10 “Poetry is the art of creating imaginary gardens with real toads.” —Marianne Moore

11 “Poetry is a deal of joy and pain and wonder, with a dash of the dictionary.” —Kahlil Gibran

Succinct poetry quotes

One of poetry’s hallmarks is that it uses language economically. While a piece of fiction might describe a character in a paragraph or two, a poem might do so in a line.

Some of the best poetry quotes are works of poetry themselves: They keep it short and use a small number of words to communicate big ideas. Take a look at how poets use their poetic skills even when they’re not writing poetry:

12 “Every single soul is a poem.” —Michael Franti

13 “Raise your words, not your voice. It is rain that grows flowers, not thunder.” —Rumi

14 “A poem is a small (or large) machine made out of words.” —William Carlos Williams

15 “Poetry is such an ancient art, and I consider myself young within that art.” —Allison Joseph

16 “To read a poem is to hear it with our eyes; to hear it is to see it with our ears.” —Octavio Paz

17 “Poetry comes alive to me through recitation.” —Natalie Merchant

Long-form poetry quotes

On the flip side, sometimes you need a lot of words to communicate your message. These poetry quotes are longer, meatier, and can feel like poems themselves:

18 “Words are delicate instruments: How to use them so that, after having read the poem, the taste remaining is not of the words themselves, but of a thought, a situation, a parallel reality? If not used appropriately, words in poetry are like the ugly remains of food after eating. What I mean is that readers will reject words if they don’t serve to shift attention from themselves to somewhere else.” —Luljeta Lleshanaku

19 “To me, [poetry is] a recreation, a renewal of language . . . The subtlety of what words mean and the fact that you write something and all of a sudden you’ll realize that ‘yes, it reaches out. It meant that, too.’ Then all of a sudden you’ll get a rhyme and the rhyme will throw up a whole new way of looking at things. It’s this relationship that you never dreamed of. A poem really does recreate the language, and that’s what it has to do. A true poem, I think, has to give you that shiver. That, ‘yes, it’s never been said quite that way before.’” —Mary Ann Hoberman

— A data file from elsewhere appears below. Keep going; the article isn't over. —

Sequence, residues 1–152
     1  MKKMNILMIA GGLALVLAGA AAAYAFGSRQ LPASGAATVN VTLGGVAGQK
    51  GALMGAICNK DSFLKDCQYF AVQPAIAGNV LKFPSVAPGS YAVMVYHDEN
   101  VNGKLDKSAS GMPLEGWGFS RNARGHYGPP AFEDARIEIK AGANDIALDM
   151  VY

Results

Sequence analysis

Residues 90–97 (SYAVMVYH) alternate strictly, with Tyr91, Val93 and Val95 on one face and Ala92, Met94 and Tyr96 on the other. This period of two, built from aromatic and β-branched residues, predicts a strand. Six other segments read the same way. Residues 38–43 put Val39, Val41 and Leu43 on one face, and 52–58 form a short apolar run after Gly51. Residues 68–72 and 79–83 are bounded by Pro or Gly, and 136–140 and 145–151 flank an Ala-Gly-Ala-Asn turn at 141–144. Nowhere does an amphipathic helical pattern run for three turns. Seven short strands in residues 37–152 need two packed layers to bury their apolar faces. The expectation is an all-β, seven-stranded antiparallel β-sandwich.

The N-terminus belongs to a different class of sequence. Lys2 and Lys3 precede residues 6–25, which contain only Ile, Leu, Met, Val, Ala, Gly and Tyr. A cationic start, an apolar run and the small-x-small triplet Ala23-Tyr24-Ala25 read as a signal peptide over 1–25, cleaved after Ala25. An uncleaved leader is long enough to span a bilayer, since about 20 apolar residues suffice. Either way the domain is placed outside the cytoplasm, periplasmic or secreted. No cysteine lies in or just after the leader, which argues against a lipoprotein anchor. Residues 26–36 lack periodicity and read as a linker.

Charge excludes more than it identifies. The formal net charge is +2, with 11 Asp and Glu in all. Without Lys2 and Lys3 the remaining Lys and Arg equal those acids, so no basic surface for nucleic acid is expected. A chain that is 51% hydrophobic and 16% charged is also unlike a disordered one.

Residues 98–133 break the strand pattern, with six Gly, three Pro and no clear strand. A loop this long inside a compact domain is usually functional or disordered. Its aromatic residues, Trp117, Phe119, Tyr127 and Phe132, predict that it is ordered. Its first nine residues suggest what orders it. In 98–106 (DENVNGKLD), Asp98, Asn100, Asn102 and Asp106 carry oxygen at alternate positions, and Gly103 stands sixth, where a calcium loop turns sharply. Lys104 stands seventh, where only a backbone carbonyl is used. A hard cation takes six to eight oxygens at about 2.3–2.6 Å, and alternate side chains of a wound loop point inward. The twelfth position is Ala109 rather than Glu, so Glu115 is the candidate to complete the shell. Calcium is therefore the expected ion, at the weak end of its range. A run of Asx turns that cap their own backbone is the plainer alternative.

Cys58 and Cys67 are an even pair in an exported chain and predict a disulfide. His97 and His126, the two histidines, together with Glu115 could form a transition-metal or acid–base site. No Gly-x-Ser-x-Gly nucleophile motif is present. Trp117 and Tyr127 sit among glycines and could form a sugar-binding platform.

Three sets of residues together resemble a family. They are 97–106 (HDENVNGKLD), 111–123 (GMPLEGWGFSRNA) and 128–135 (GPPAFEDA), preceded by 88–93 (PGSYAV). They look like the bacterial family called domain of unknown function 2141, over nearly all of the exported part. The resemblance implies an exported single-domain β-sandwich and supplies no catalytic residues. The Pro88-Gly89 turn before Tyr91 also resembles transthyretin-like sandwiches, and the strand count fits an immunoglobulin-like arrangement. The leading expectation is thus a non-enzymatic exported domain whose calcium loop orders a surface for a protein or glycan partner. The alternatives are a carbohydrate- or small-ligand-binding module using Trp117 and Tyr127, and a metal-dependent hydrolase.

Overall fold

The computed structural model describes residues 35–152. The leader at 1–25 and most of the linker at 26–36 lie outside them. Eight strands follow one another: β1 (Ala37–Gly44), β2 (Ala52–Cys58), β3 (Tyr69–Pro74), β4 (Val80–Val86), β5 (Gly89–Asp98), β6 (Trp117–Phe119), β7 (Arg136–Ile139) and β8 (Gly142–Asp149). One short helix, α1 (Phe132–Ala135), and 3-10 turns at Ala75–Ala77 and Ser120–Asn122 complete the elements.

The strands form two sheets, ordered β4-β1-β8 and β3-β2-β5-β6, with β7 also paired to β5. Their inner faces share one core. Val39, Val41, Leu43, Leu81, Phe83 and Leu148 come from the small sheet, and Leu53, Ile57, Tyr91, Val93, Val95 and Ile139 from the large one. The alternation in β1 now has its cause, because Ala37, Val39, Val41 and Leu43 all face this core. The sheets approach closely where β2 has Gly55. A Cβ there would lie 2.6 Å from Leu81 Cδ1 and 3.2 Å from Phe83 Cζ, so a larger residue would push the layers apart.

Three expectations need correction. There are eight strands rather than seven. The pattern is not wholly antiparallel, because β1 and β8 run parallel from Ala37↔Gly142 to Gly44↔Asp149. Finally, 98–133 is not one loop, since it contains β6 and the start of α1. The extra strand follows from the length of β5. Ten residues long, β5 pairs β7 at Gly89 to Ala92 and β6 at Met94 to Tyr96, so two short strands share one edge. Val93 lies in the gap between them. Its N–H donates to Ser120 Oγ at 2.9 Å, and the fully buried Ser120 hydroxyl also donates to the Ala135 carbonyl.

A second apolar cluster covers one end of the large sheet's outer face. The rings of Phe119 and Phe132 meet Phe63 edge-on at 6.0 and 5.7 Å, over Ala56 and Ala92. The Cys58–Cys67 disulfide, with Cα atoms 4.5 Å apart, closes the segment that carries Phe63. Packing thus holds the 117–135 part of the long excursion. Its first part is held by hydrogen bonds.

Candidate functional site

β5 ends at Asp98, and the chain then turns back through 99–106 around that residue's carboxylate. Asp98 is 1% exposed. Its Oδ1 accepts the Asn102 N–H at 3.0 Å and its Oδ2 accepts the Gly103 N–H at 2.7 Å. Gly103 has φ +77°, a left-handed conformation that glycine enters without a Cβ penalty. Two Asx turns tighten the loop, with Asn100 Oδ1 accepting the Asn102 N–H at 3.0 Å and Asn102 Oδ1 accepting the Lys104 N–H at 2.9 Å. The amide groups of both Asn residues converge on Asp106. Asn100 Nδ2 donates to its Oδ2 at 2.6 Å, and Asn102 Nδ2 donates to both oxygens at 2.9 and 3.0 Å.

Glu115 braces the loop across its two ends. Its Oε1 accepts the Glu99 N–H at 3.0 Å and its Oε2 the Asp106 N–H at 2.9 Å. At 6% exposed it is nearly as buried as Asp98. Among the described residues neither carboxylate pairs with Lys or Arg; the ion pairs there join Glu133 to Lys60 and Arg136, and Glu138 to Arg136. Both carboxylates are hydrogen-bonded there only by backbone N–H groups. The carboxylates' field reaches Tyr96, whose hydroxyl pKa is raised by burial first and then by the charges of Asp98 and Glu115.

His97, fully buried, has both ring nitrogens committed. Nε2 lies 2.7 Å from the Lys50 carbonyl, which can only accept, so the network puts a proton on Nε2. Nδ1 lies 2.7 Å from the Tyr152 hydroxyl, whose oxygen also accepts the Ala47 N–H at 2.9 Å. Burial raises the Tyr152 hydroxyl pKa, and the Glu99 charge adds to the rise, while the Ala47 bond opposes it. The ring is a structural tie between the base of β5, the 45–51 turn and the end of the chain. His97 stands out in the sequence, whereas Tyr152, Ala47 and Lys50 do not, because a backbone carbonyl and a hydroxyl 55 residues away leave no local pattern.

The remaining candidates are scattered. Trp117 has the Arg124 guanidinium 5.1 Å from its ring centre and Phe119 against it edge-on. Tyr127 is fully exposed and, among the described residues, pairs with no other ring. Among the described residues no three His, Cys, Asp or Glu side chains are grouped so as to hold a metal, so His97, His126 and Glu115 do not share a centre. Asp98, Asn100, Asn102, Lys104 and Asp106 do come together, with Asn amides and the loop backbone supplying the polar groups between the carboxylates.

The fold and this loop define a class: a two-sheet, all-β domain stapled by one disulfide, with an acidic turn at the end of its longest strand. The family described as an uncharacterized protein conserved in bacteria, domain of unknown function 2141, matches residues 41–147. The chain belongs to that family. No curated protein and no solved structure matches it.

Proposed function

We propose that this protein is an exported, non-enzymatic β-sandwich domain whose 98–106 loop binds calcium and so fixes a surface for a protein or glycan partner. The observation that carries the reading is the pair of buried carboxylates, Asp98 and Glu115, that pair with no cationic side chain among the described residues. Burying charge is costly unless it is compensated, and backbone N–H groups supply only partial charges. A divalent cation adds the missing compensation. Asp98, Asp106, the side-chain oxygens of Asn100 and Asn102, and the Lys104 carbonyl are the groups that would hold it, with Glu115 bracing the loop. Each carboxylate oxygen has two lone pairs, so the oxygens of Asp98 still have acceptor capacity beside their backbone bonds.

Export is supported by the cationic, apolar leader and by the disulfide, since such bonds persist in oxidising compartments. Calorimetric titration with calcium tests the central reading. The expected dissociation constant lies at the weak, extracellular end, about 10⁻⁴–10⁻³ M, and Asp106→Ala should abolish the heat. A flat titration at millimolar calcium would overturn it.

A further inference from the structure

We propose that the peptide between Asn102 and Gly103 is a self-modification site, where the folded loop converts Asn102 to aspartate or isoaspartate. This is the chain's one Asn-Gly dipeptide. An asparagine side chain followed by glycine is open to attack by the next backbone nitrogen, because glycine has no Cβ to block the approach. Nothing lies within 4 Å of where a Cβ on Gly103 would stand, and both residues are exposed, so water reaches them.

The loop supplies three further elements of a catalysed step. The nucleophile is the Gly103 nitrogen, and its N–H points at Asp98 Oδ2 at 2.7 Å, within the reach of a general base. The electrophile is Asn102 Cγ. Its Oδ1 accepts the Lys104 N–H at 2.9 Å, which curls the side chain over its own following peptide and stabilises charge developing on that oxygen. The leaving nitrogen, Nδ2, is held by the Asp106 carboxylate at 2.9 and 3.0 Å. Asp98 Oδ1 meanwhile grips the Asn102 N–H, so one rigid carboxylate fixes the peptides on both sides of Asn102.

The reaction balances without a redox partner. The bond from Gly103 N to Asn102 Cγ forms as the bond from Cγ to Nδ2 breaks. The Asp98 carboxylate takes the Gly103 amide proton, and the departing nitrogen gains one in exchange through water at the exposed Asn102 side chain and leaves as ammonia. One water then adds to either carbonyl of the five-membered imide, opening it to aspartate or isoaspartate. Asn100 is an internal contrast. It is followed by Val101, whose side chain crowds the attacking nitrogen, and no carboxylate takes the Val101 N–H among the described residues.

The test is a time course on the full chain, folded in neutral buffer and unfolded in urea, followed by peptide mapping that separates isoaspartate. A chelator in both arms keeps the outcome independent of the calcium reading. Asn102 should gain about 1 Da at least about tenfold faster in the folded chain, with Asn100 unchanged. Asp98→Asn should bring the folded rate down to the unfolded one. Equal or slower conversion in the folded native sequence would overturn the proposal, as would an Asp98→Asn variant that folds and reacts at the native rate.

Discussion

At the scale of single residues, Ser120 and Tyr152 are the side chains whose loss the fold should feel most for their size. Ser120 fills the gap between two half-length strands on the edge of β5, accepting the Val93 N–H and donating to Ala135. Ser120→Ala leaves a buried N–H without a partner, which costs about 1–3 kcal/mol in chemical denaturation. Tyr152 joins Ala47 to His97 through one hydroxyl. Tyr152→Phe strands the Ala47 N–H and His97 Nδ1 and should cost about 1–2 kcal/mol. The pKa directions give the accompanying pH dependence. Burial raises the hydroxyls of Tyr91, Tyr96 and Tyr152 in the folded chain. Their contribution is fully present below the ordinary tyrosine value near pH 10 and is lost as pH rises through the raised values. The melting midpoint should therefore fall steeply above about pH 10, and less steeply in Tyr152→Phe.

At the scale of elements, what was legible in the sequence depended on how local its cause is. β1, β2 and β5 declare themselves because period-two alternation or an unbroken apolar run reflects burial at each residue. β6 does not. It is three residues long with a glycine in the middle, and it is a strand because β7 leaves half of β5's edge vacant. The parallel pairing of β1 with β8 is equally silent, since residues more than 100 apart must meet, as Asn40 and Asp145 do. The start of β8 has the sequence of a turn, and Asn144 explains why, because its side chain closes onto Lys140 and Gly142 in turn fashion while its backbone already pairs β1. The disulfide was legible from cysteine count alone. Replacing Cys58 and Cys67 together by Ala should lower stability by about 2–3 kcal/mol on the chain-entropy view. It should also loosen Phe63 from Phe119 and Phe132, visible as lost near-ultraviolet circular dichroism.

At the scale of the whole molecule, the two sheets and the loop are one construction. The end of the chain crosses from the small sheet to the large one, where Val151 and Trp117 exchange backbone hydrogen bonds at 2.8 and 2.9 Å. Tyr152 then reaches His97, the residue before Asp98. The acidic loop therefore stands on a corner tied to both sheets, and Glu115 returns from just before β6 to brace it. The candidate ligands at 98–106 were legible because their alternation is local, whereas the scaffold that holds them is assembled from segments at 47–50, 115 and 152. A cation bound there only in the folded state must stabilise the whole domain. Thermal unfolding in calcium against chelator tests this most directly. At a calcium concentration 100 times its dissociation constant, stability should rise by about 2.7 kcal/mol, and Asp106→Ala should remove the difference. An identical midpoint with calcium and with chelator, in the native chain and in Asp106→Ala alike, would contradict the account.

20 “I think poetry has no investment in anything besides openness. It’s not arguing a point. It’s creating an environment. Whereas if you were writing an op-ed piece or an essay, somebody would be asking, ‘What’s your point?’ With poetry you can stay in a moment for as long as you want. Poetry is about metaphor, about a thing standing in for something else. It’s the thing that opens out to something else. What that something else is changes for readers. So what’s on the page—it falls away.” —Claudia Rankine

21 “My discipline is the take-no-prisoners language of good poetry, but a language that actually frees us from prejudice, no matter what religion or political persuasion they are. I try to create a river-like discourse. The river is not political, it’s not on your side or against you. It’s an invitation into the onward flow.” —David Whyte